Kyoto Summer 2014

IMG_0012Last week, we traveled to Kyoto, Japan, and we would like to share our culinary and travel experience. Linked below are also the restaurants that we loved, and we definitely recommend them to anyone planning to visit Kyoto. We stayed at a Ryokan (旅館), which was a traditional Japanese inn, and we were able to learn a lot about the culture and history of Kyoto. We hope you enjoy this snapshot of the whole trip!

Kyoto Style Japanese Breakfast 

Let’s start off by saying that a traditional Kyoto Style Japanese Breakfast is very different to a typical breakfast that you are probably accustomed to eating at home. Eating this hearty meal would definitely give you enough energy to last until 2:00 in the afternoon, perfect for if you’re out sightseeing and visiting tourist attractions. Since we stayed at a Ryokan, we were able to enjoy the privilege of eating a Japanese traditional breakfast every morning!

We were staying in the Gion district, which still preserves the traditional atmosphere of Kyoto. It became a historical scenery preservation site in 1976, and to this day still remains as one of the best preserved cultural areas of Japan. The Gion district was home to Maikos and Geishas, both of which are traditional cultural icons of Japan. The Ryokan that we were staying in dates back to 100 years ago, during the Edo Period (1600 – 1868), and it used to be where the Maikos trained, lived and worked.

Now let’s get to the food!IMG_0175_2Yes, this is how big a traditional Japanese breakfast is. Firstly, in the top right hand corner, you can see a hotpot. The hot pot had a soya milk broth and was filled with tofu, bean curd and shimeji mushrooms. Next to it, is a grilled fish grilled with soya sauce and sesame. In the center tray of the picture, we have some dipping sauce for the hotpot tofu, some vegetarian Japanese monk’s food, Japanese free-range eggs omelette (a popular dish), some Japanese pickles and miso soup. On the bottom left, we have a bowl of rice, common to most Asian cuisines.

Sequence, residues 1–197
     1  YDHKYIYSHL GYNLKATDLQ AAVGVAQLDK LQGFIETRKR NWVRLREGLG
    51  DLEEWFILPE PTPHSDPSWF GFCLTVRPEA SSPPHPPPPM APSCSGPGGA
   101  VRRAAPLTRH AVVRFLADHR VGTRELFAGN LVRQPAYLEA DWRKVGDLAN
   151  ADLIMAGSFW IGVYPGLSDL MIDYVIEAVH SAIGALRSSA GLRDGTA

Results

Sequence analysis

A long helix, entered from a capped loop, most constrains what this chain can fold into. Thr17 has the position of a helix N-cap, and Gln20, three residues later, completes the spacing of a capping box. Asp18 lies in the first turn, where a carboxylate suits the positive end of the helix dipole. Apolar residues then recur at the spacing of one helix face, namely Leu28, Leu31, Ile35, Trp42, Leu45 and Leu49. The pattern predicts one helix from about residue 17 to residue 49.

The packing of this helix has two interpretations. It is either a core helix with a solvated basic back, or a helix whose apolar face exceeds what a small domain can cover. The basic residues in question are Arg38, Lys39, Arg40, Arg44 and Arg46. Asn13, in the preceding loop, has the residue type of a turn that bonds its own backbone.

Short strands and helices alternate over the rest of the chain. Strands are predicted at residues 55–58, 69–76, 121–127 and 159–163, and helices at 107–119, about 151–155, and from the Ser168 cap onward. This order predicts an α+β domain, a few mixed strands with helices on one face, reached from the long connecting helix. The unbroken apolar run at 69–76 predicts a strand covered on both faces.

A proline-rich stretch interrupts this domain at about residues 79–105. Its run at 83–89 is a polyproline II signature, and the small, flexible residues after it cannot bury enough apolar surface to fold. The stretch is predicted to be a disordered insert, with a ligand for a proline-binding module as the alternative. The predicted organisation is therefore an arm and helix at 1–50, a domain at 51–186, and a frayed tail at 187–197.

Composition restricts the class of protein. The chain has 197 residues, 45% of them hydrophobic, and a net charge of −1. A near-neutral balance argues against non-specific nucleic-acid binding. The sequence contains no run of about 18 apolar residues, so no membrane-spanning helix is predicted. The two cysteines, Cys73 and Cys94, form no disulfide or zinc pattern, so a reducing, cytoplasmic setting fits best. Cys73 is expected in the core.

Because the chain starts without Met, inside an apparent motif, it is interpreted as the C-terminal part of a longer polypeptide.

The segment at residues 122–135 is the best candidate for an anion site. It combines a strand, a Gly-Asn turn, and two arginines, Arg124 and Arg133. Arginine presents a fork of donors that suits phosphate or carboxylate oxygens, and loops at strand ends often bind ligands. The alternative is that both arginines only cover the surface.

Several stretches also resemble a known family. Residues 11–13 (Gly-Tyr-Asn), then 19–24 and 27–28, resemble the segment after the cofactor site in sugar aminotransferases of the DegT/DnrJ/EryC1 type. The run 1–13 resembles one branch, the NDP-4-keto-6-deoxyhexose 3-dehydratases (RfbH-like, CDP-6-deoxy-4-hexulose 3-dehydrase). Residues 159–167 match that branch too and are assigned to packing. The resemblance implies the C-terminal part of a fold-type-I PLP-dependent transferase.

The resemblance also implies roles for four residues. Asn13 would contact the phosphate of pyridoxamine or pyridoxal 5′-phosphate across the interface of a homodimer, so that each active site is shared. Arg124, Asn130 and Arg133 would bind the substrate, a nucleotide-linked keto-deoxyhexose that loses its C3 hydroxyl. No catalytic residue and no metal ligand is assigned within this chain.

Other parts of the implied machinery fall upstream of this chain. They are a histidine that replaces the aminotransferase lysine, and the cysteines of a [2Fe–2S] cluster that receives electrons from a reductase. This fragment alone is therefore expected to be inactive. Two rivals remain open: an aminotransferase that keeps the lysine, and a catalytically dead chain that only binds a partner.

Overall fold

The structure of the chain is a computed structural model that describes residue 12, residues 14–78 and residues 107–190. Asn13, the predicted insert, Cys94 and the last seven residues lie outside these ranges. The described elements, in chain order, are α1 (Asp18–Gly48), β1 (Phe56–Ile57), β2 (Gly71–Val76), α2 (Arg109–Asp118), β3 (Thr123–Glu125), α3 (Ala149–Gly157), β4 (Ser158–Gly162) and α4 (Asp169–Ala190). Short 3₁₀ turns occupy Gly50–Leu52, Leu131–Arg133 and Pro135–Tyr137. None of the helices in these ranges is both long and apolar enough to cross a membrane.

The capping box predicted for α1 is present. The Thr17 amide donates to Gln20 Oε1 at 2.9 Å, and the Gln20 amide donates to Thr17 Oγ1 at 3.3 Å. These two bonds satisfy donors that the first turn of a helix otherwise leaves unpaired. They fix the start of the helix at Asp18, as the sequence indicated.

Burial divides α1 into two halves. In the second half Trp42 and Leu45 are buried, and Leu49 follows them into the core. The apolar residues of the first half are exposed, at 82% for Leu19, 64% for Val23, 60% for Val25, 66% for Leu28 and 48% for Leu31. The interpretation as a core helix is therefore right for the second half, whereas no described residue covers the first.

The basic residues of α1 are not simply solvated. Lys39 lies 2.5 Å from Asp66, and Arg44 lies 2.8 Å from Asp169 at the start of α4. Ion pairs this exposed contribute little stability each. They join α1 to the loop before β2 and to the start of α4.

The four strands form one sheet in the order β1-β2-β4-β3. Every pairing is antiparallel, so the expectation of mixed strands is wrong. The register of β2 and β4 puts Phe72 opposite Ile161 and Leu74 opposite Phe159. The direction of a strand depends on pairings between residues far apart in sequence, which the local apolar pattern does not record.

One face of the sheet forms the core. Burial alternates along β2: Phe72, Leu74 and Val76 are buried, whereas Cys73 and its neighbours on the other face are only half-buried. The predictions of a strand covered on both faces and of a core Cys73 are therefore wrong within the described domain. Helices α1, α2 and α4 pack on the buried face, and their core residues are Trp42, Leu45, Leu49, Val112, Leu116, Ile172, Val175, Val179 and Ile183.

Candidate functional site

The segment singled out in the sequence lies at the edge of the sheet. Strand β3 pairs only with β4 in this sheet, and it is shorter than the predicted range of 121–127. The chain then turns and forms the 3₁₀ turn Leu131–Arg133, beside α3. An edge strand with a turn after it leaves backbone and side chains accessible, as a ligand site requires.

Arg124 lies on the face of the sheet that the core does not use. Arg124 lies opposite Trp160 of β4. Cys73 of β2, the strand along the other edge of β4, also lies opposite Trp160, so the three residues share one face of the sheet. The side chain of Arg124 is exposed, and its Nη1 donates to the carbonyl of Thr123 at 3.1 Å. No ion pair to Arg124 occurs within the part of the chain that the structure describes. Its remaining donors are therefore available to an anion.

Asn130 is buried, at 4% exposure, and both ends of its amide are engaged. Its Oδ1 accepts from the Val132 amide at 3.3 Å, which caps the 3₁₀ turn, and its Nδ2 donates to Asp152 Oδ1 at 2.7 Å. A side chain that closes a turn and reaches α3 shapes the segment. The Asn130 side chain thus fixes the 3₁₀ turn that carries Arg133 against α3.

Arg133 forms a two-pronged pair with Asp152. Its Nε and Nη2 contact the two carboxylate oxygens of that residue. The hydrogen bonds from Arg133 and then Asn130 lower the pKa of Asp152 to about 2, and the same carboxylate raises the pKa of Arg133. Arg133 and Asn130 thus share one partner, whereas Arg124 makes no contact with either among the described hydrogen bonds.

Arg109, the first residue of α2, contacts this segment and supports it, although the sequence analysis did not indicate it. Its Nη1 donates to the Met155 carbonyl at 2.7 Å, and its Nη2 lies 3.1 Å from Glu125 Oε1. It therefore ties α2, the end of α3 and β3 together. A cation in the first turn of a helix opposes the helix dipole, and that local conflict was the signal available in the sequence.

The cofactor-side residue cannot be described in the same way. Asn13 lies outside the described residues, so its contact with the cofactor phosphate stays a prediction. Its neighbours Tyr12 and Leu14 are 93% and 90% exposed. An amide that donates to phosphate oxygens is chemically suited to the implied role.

Since Kyoto is known for the temples with 1600 buddhist temples, they definitely have some very delicious monk’s delicacy. The omelette was light and fluffy, cooked by a professional who had been working at the Ryokan for around 40 years! It was cooked in a special broth, and we could see the million layers of egg; it just goes to show how much work was put into making it. The pickles are a very important part of Japanese cuisine, so important that it is always served alongside the main meal. IMG_0178 Here are the Japanese Condiments that they served alongside the time-honored breakfast. In the teapot, we have some soya sauce. Then in the centre we have Umeboshi, which are Japanese pickled plums. The Japanese love it for their sweet but salty and sour taste. Then on the right we have 2 kinds of rice toppings, which are mixed into the rice before consumption.IMG_0176_2

Restaurant Recommendations (some restaurants do not have websites unfortunately): 

Kaneyo Eel Restaurant: This restaurant is famous for it’s long loved grilled eel dishes. The restaurant first opened in the Taisho period (1912 – 1926), and it still retains a very traditional atmosphere. Below, is a rice dish served with charcoal grilled eel and topped with a tasty soya sauce glaze. This eel is very traditional to Kyoto, as Kyoto eels are grilled whereas Tokyo eels are first boiled, then grilled.

IMG_9890 Honke Owariya: This is, without a doubt, the BEST soba noodle restaurant in Kyoto! Opened in 1495, this restaurant’s culinary legacy even reached the imperial palace in previous eras. Hot and cold soba are both served, and they charge a very affordable price for a dish of its quality. The soba are cooked in tradition Kyoto well water, making the noodles much more fragrant. In the dipping sauce nori is used, and the amazing tempura are made using local Kyoto vegetables. This is a great place to eat lunch or dinner.

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Pontocho Kappa: Located in the most beautiful and atmospheric alley of Kyoto, this sushi restaurant is definitly a great choice. Maiko are also often seen strolling these alleyways. The sushi is made from the freshest and best grade fish, and the prices are affordable. Customers are seated at the bar table, where you can see the chef’s prepare your sushi after you place an order. I would certainly recommend the conger, tuna and crab sushi. IMG_9887

Some more photos from our trip:

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One thought on “Kyoto Summer 2014

  1. I visited Kyoto once, but just for 1 day. I wish were were there longer, but after a few hours of temples, we were all templed out! Love the look of the traditional Japanese breakfast. I would love to eat like this sometimes. I bet they wake up very early to prepare such a magnificent feast!

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